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Re: [Amps] Matching

Subject: Re: [Amps] Matching
From: Ian White GM3SEK <>
Reply-to: Ian White GM3SEK <>
Date: Tue, 20 Dec 2005 08:56:47 +0000
List-post: <>
Steve Thompson wrote:
>Peter Chadwick wrote:
>> Steve said:
 >>As an example, take an impedance of 100 + j50 ohms, which
 >>you want to match to 50R resistive.
 >>I can see two L match solutions, which have a loaded Q of
 >>about 1.2. A T match can do it with a loaded Q of about 1.04.
 >>I can't see any L match that betters this. Can someone correct
 >>me if I'm wrong?

>>  >Can someone correct me if I'm wrong?<
>> No - 'cos you're not wrong!
>After more peering at Smith charts (considering matching some impedance
>to a resistance), I think there's some impedances where you can't get
>lower Q than an L match, and others where you can. There's nowhere that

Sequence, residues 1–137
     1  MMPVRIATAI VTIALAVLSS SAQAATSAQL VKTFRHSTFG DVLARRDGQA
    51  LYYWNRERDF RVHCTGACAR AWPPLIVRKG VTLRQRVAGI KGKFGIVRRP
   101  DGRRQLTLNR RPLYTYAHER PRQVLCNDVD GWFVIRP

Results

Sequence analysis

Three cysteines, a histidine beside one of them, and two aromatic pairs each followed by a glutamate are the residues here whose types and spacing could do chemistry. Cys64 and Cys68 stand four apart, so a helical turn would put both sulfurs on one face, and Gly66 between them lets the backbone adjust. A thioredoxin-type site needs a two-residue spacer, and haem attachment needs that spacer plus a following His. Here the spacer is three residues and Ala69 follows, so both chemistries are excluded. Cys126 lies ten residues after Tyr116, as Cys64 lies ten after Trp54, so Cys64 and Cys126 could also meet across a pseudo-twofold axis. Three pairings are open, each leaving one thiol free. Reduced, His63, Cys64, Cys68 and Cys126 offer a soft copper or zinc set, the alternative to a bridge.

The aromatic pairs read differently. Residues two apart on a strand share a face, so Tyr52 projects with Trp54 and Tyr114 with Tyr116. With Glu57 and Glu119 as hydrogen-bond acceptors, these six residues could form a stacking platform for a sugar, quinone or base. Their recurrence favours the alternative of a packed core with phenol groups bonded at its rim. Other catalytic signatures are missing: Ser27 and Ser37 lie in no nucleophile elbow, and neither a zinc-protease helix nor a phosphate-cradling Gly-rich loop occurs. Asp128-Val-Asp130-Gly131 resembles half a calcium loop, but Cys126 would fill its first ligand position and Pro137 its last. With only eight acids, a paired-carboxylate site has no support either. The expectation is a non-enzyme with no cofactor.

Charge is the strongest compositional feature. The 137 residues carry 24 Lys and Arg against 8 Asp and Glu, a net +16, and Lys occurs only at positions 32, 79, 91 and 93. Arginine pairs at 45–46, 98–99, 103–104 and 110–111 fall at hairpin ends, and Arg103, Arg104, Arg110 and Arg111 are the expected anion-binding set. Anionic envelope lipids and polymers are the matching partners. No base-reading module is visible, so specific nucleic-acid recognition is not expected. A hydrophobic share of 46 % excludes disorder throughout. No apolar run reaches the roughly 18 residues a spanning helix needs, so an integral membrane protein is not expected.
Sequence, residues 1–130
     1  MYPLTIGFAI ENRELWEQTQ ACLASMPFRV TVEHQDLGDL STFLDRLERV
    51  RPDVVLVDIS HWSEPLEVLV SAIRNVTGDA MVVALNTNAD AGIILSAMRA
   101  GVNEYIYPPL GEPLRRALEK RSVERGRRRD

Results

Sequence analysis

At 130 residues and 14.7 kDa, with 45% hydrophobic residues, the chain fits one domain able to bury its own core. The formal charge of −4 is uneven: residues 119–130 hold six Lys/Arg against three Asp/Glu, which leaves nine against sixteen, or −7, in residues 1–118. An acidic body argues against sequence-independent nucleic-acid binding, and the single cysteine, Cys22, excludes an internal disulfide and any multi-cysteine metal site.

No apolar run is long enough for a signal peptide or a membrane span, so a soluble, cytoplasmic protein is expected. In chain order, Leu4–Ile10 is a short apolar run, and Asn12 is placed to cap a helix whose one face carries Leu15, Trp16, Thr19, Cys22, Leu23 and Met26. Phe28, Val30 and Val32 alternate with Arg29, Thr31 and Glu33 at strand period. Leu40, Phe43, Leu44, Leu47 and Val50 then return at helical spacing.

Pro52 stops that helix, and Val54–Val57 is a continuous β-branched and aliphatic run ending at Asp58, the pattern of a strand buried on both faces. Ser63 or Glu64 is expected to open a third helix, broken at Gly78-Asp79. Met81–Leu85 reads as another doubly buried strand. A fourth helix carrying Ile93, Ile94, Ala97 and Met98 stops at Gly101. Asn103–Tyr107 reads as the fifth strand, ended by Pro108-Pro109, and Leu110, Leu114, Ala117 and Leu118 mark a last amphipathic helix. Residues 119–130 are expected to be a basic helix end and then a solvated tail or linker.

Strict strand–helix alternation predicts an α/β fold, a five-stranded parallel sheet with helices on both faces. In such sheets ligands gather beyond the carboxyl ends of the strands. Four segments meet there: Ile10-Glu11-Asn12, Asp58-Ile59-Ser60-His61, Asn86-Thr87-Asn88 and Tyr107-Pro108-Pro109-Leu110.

>an L match gives lower Q than 3 element matching circuits.
>It all depends if you are inside or outside the constant R and Y circles
>for the resistance you're aiming for.

And also whether the series output C of the T-network is helping or not. 
In the particular case of 100+j50, the series C tunes out the reactance 
and leaves 100+j0 to be matched. None of the L-networks can do this, so 
they are forced to match the equivalent *parallel* impedance instead, 
which is always higher (in this case 125 // j250). Hence the increase in 
loaded Q.

If the impedance had been 100 -j50, then you'd need series L at the 
output to cancel the reactance and leave 100 ohms resistive. The series 
output C of a  typical C-L-C T-network would then become a disadvantage, 
increasing the equivalent resistance that has to be matched, and thus 
increasing the working Q.

Part of the confusion in this debate has been between an optimum 
configuration of L or T network, and the more limited capabilities of 
real-life ATUs which have a fixed configuration. I've certainly been 
guilty of mixing the two in the same posting.

But beyond that, we're using working Q as a proxy for more practical 
power handling limitations: heat dissipation in variable inductors or 
arcing in variable capacitors. That adds a whole other level of 
complexity, leaving us with only one valid generalization: no ATU 
configuration can be "best" in all possible cases.

73 from Ian GM3SEK
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